Omega Sol by Scott Mackay
reviewed by Michael M Jones
In the not-so-near future, mankind has finally established a presence on the Moon, a scientific research station called
Gettysburg. It's there, as a team of scientists perform a complicated experiment, that history is made, when a strange silver
sphere of giant proportions appears unexpectedly, leaving destruction and chaos in its wake. Utterly ignoring the humans
affected by its arrival, it sets up residence in one of the Moon's craters, before creating dozens of even stranger silver
towers, which fly off to points around the Moon.
The Oblivion Society by Marcus Alexander Hart
reviewed by Nathan Brazil
The Cold War suddenly becomes very hot, due to a series of unfortunate events. One such
being the liaison of a Slick Willie style President, taking orders
from below his waist. This time, when the nuclear buttons are pushed, there's no teenage geek hero to save the world. In
the space of a few minutes, it's whoops apocalypse and goodbye to all that we knew.
a column by Rick Klaw and Mark London Williams
Reality plays by its own rules. This tenet, in the form of metafiction, litters the comic book
landscape. While this type of self-referential literature was quite common in comics strips,
the earliest story of this type that Rick Klaw uncovered, appeared in Captain Marvel
Adventures #22, dated March 26, 1943, some eight years after the publication of New Fun,
the first comic book of original material.
compiled by Neil Walsh
Some of the most recently received new and forthcoming titles at the SF Site office include the latest from Greg Bear, Steven Erikson, Naomi Novik, Terry Brooks, Robert Scott & Jay Gordon, Lawrence Watt-Evans, Jacqueline Carey, Eric Brown, Kelley Armstrong, David Drake, and many others.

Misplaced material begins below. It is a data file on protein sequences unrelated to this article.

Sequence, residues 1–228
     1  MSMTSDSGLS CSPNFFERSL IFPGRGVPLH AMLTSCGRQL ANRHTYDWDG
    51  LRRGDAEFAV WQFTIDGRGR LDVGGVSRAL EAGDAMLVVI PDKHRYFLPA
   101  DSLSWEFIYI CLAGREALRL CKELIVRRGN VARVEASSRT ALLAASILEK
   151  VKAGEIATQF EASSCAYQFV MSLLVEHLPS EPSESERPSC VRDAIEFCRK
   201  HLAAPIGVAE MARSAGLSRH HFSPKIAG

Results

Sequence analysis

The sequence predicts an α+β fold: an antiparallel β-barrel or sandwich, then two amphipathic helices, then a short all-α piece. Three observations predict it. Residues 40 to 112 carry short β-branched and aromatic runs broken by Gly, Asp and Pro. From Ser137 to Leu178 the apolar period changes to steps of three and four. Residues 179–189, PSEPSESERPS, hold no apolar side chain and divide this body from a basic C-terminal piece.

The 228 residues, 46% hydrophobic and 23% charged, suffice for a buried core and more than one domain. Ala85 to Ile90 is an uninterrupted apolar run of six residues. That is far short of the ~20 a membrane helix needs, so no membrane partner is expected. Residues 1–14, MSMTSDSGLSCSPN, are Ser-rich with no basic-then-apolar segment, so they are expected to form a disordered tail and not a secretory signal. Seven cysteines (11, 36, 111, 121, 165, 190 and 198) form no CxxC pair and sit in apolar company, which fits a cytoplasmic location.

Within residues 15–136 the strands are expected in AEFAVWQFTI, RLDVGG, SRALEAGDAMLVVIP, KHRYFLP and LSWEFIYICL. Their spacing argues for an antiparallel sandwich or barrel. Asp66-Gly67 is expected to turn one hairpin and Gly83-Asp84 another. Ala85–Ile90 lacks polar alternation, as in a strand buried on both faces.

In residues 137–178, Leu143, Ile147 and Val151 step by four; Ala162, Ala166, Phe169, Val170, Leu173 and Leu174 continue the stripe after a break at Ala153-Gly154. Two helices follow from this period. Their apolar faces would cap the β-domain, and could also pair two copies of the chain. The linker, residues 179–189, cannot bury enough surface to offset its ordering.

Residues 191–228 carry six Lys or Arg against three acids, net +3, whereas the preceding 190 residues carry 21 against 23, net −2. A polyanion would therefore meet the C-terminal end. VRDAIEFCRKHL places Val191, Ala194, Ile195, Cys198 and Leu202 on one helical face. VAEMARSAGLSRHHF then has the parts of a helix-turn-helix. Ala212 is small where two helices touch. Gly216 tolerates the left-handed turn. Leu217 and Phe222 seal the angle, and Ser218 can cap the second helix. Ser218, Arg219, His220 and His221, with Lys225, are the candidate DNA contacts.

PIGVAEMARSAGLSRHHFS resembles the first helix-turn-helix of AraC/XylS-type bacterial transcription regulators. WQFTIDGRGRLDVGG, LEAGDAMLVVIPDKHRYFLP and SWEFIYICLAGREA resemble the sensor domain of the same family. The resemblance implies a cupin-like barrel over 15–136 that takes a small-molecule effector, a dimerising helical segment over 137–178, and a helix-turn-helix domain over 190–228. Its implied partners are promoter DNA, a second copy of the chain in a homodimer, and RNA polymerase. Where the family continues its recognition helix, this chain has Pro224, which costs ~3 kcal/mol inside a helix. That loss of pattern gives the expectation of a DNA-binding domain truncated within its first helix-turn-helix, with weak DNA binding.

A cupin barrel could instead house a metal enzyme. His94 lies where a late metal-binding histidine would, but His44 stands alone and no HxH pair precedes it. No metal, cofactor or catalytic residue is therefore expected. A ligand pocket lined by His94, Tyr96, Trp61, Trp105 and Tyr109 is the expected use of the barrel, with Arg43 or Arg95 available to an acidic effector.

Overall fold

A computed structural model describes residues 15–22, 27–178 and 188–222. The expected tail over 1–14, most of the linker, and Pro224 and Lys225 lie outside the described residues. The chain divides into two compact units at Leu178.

The Resurrectionist by Jack O'Connell
an audiobook review by Jennifer McCann
Told in alternating story lines, this is the tale of Sweeney, a father who has brought his comatose
young son, Danny, to the Peck Clinic in hopes of a miracle. Sweeney seems to just exist in his space, as his life revolves
around the care and cure of Danny. Working in the Peck's basement pharmacy, Sweeney frequently visits his son's bedside to
read from Danny's favorite comic book series, "Limbo." Sweeney floats through his day in a haze of anger and lack of
sleep. His forays out into the clinic proper and town are met with hostile and often confrontational results. He is a man lost.
The Incredible Hulk
a movie review by Rick Norwood
The Incredible Hulk is a moderately entertaining, by-the-numbers, semi-sequel to Ang Lee's Hulk, lacking the
exciting directing but also the murky storytelling of the earlier flick. It is very loosely based on the Hulk stories
in Tales to Astonish #90 and #91 (April and May 1967), "The Abomination" and "Whoever Harms the
Hulk," by Stan Lee and Gil Kane.
TV reviews by Rick Norwood
Rick has been watching The Adventures of Young Indiana Jones, now out on DVD. The quality of this series is uneven,
depending largely on how much involvement George Lucas has with a particular episode.
He also gives us a list of SF on TV in July.